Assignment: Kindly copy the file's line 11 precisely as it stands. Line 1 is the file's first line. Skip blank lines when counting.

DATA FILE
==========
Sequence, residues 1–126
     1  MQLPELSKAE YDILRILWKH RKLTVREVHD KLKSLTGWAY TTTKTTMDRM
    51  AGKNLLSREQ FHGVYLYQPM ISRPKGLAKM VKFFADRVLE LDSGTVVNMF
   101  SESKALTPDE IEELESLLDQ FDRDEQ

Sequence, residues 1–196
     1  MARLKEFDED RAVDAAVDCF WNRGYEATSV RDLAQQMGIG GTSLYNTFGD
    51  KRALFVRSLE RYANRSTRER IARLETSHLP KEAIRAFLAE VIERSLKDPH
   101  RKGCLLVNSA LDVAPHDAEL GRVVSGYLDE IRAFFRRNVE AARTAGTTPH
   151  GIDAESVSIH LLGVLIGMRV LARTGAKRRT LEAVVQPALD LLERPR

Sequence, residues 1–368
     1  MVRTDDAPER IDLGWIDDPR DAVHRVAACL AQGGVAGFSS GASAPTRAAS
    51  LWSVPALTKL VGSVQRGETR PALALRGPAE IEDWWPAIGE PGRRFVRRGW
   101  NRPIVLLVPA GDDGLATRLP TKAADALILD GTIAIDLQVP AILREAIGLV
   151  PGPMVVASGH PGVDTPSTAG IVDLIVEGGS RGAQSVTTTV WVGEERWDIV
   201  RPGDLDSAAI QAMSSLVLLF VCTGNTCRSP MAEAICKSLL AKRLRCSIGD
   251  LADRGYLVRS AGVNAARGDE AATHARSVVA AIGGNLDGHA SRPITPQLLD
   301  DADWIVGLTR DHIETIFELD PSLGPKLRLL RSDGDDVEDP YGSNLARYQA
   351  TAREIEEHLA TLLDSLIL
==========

     1  MVRTDDAPER IDLGWIDDPR DAVHRVAACL AQGGVAGFSS GASAPTRAAS